Read More

Why Millennials Aren’t Liking Your Posts

Every company wants to build a Millennial following on social media, yet few succeed. Successful businesses make interacting with their audiences look completely natural, leaving other business owners asking, “How is it so easy for them but so hard for me?”

The truth is, most of the mistakes that companies make on social media are both common and easily correctable. Understanding those mistakes is the first step toward creating a social-media strategy that actually works.

What You’re Doing Wrong

Common mistakes business owners make in trying to reach Millennials through social media include:

Insensitivity. Millennials are a socially conscious and socially active generation. It’s fine to poke fun at certain universal issues, but one mindless or callous post can quickly lead to trouble. This is a lesson IHOP learned the hard way after a successful campaign was derailed byone insensitive tweet.

Spokesperson Reliance. People listen to cultural icons not only because of who they are but also because of what they say. While celebrities might get a promotional message out there, a good Klout score does not necessarily lead to conversions. Fendi’s ad campaign featuring Kendall Jenner failed to impress fashion fans, despite her celebrity and social engagement, because the message was not on point.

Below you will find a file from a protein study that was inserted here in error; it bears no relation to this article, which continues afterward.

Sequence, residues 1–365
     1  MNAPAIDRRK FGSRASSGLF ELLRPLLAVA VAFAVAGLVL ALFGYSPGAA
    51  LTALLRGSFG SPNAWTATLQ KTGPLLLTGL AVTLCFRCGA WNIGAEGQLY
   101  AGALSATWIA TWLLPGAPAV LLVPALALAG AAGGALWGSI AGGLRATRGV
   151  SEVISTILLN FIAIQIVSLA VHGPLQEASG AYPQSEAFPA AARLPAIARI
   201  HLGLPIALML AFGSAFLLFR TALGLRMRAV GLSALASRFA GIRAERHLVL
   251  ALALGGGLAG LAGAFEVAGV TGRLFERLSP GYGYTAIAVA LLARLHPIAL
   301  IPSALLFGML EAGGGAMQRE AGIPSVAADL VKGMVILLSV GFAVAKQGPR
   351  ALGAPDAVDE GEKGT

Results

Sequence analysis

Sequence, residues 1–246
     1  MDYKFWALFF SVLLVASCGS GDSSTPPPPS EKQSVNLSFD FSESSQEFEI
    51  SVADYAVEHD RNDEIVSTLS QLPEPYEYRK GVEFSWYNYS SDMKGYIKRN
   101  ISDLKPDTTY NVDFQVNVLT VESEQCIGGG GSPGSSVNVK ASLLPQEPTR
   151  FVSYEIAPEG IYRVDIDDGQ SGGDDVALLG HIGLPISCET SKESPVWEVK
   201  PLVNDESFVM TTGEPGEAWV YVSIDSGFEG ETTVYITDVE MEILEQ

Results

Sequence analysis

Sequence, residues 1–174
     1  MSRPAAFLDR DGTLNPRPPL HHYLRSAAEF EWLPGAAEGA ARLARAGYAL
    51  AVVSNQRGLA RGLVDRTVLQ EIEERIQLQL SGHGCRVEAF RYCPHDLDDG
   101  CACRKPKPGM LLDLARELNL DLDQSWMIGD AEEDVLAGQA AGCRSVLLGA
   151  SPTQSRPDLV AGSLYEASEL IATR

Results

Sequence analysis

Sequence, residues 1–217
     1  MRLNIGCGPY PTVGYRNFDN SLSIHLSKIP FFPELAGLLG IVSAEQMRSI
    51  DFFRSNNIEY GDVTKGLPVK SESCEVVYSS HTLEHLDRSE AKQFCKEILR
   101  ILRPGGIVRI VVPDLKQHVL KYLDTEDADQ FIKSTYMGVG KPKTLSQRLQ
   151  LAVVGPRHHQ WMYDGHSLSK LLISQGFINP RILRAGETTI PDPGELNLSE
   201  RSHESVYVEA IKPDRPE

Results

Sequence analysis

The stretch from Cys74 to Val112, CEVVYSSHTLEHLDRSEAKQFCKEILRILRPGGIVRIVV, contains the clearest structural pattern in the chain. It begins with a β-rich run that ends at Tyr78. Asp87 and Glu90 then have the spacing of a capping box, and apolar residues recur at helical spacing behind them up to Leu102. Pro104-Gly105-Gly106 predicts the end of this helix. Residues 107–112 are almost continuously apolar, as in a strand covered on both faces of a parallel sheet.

Trying Too Hard. Sometimes a tongue-in-cheek reference to Millennial slang works well, but shoehorning phrases like “FOMO” and “on fleek” into your posts out of context will only alienate your audience. For example, negative response to the PepsiMoji keyboard shows that Millennial love for emojis goes only so far.

Millennials can sense insincerity a mile away, so don’t try to beat them at their own game. If it rings false for you, chances are it will for them, too.

What Actually Works

The surest way to get Millennials to look at your content is to make them laugh or get them excited. Once they get their eyes on it, make them chase you on social platforms instead of the other way around. Tease with header copy or curiosity-inspiring imagery, and don’t disappoint when they engage with the call to action. If you satisfy their curiosity, you’ve gone a long way toward earning their loyalty.

Ensuring their satisfaction means making the content relatable. Millennials who see their personality quirks, niche interests, and common experiences reflected in content are bound to react by liking, retweeting, tagging, and sharing, spreading the influence of your content like wildfire.